Wildfire Glossary


Have you noticed that there are alot of Dry T-storms in your area when Wildfires get going?
Yes, dry thunderstorms are typical during the month of June and early July here in Arizona. "Dry" thunderstorms, for those who might not see these often, are high-based storms where there is convection, wind, and lightning, but precipitation that comes in the form of virga, rain that evaporates before it hits the ground. These are part of the engine that produces wildland fires in Arizona...providing two ingredients - wind for oxygen and lightning for ignition. High heat and low humidities are provided by typical weather patterns during the month of June, when the monsoon has yet to arrive.

The recipe for tinder-dry fuel starts way back in the month of November. If the deserts and foothills of the Upper Sonoran Deserts receive heavy rains during that time, there will be a stunning wildflower season but heavy growth of brush - fuels that will dry out later in addition to pesky non-native grasses such as red brome. These grasses do not belong in the desert, but were brought in by man, through cattle ranching, grazing and moving herds. Now we are dealing with their propensity to become wildland fire fuel and a method to carry fire through the desert. Often, native plants will dry out but naturally lay down. Some desert plants do not dry out at all, but retain water through small leaf or cactus. Exotic plants that have arrived here and taken to the desert will dry out but remain standing up, providing perfect fuels for fire.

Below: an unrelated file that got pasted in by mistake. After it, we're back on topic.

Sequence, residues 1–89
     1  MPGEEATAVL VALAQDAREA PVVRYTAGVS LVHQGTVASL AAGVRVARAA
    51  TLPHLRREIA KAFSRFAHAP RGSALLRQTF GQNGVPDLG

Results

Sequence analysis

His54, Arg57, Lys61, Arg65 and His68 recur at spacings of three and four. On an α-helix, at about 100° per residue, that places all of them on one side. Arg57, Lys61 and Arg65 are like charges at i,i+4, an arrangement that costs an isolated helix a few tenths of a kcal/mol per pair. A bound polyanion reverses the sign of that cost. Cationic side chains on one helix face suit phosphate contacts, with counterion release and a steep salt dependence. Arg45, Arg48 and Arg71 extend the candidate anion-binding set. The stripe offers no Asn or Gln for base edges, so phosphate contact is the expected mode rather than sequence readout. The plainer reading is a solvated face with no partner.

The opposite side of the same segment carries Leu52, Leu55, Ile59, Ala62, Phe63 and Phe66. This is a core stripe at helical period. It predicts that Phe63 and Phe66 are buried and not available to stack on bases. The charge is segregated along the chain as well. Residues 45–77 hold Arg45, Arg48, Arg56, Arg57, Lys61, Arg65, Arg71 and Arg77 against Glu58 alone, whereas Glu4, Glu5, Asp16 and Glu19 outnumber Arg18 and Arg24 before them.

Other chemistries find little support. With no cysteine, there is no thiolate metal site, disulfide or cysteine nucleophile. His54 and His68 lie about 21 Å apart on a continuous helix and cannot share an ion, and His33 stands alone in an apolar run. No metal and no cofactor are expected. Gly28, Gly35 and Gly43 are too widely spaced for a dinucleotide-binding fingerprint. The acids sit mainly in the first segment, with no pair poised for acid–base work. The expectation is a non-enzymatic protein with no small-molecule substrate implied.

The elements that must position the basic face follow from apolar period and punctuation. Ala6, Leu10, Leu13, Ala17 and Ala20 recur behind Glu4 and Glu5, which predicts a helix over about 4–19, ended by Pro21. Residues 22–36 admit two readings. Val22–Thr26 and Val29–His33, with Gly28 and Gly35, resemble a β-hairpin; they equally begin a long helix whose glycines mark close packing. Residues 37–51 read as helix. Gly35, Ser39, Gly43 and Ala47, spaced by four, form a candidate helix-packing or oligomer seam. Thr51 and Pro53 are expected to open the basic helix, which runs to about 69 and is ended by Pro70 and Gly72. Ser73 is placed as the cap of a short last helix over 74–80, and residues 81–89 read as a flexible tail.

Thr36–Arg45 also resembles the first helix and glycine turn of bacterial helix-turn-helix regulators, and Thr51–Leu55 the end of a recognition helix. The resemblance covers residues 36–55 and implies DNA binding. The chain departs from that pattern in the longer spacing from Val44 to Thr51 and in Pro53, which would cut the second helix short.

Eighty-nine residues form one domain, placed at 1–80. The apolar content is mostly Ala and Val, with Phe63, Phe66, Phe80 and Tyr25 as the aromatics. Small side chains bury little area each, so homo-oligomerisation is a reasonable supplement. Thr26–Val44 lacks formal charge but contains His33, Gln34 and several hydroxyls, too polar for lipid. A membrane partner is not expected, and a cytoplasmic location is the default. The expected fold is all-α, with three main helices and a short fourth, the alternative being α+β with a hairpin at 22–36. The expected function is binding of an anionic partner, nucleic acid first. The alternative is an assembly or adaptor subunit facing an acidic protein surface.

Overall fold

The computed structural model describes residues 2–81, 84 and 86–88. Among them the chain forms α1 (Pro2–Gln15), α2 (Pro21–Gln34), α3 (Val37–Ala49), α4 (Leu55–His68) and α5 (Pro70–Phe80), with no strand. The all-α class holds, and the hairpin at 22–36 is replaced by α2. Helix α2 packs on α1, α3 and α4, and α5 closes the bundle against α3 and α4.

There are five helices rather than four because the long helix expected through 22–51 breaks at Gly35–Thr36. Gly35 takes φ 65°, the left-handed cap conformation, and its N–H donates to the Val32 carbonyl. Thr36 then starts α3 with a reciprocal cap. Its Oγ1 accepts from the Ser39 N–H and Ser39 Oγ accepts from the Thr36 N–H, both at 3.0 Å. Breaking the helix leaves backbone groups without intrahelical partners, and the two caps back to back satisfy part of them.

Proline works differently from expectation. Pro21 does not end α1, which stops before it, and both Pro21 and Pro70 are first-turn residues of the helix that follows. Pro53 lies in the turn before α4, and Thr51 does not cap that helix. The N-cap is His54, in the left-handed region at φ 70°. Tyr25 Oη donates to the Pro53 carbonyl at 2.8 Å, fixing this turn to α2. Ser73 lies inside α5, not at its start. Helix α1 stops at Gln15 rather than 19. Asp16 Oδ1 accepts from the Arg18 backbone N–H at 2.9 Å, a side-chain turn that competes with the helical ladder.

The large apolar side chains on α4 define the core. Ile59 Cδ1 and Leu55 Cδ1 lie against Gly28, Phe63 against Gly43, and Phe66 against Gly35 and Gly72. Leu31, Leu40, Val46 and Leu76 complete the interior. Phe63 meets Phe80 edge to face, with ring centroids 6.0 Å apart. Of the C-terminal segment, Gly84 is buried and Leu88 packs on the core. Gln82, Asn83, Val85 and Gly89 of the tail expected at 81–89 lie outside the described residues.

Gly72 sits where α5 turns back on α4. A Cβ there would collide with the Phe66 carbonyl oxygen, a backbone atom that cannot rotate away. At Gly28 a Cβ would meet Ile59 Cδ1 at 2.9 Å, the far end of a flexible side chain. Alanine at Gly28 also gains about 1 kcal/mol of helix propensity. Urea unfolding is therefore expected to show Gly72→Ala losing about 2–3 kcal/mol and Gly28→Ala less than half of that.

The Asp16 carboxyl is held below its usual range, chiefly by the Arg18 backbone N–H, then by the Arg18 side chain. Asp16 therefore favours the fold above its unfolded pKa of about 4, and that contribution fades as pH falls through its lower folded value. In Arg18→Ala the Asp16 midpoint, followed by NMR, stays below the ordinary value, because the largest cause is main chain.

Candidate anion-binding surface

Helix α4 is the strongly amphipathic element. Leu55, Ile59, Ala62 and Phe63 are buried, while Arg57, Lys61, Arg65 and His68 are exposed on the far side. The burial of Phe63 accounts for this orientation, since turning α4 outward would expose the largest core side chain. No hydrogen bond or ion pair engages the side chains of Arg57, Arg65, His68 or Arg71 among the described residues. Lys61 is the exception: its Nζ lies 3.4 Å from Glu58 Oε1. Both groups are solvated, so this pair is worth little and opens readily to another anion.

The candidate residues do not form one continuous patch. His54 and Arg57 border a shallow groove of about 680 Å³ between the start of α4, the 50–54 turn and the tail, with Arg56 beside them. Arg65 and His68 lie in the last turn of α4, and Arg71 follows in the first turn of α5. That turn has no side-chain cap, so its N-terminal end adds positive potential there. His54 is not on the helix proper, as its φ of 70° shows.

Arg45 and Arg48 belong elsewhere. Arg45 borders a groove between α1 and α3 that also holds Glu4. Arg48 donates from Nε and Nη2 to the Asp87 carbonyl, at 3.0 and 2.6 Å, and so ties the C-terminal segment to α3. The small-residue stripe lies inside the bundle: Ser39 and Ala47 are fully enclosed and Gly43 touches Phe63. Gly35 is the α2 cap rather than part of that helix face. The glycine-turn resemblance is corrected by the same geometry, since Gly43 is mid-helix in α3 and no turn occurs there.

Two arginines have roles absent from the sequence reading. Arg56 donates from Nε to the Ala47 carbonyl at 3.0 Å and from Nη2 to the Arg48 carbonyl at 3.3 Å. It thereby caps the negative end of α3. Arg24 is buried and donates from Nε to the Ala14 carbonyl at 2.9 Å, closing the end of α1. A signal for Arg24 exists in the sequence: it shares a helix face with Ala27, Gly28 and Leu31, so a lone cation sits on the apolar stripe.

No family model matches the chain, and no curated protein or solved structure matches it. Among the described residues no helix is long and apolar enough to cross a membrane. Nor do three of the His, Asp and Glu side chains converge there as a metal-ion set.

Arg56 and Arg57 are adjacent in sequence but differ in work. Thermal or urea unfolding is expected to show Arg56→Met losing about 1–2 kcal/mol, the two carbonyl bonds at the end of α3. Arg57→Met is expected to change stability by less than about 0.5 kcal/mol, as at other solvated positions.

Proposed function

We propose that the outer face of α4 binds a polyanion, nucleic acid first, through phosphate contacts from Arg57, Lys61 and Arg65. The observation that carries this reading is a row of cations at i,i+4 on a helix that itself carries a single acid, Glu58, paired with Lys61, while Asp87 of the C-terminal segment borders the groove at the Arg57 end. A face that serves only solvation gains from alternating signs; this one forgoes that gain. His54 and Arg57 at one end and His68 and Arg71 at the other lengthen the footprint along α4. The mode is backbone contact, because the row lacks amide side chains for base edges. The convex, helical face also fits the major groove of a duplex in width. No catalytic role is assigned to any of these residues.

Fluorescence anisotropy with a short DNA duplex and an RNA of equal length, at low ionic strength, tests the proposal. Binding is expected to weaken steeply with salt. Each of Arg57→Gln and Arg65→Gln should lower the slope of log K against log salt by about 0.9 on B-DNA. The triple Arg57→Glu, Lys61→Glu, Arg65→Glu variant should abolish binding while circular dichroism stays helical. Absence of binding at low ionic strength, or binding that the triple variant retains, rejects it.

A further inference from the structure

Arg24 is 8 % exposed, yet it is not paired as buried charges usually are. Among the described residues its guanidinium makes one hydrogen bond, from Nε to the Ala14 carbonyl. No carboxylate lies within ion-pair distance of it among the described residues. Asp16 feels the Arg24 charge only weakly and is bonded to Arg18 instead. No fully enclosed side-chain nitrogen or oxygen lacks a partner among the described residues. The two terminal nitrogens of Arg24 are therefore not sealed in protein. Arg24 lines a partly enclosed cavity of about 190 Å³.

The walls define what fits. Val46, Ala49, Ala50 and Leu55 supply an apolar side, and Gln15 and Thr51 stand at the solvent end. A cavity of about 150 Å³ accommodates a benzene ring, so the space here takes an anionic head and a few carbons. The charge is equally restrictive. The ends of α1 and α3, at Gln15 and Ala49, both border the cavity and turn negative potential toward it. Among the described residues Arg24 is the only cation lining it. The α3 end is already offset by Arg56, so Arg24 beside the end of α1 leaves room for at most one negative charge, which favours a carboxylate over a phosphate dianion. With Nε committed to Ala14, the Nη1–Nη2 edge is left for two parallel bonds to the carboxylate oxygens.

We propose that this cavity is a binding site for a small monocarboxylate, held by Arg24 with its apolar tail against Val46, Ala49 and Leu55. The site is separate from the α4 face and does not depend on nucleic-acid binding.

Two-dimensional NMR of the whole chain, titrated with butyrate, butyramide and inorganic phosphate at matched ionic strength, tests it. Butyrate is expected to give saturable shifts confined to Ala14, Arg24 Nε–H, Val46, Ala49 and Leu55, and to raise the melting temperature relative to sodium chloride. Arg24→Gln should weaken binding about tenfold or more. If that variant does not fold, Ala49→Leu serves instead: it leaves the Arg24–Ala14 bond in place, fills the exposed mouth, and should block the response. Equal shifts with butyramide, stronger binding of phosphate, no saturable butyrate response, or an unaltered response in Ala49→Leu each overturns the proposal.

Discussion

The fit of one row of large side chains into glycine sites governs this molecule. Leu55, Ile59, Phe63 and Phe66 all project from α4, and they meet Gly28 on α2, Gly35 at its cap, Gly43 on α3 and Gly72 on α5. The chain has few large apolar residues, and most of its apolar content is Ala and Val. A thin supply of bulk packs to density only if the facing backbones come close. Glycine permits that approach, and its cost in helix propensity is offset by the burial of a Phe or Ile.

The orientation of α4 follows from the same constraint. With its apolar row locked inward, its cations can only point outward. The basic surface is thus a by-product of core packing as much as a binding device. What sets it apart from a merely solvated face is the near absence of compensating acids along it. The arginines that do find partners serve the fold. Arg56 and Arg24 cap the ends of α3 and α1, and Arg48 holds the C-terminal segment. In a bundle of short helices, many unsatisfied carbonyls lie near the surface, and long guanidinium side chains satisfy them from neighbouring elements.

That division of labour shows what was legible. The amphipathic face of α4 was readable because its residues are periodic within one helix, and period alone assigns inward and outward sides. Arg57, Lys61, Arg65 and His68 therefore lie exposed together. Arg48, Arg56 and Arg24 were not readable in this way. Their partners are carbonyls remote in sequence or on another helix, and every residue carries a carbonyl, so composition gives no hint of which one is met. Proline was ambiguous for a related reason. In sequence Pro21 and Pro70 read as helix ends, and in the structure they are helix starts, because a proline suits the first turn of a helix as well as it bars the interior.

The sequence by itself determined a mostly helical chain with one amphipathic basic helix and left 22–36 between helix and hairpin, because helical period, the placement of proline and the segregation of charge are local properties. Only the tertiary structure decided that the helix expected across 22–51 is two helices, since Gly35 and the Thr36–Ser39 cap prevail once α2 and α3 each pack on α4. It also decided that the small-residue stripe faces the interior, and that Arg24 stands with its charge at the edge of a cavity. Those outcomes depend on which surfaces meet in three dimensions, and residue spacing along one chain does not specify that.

The rainy season of 2004/05 was very heavy. Fuels grew to heights I have not seen since I arrived here 10 years ago. Grasses reached to waist level this springtime. We knew we had potential for formidable fire season, and it looked like it panned out - one of our desert fires (Cave Creek Complex) reached 240,000 acres.
Man does so much to contribute to the problems of the weather. We think the smallest thing such as introducing a different kind of plant to an area will not affect such a large area in the grand scheme of things. As you have pointed out Susan, though that is simply not the case. Our littlest of actions can have the greatest of consequences
Curious Susan in your travels with Severe Weather, have you ever recorded fire whirls and/or lightning from the smoke?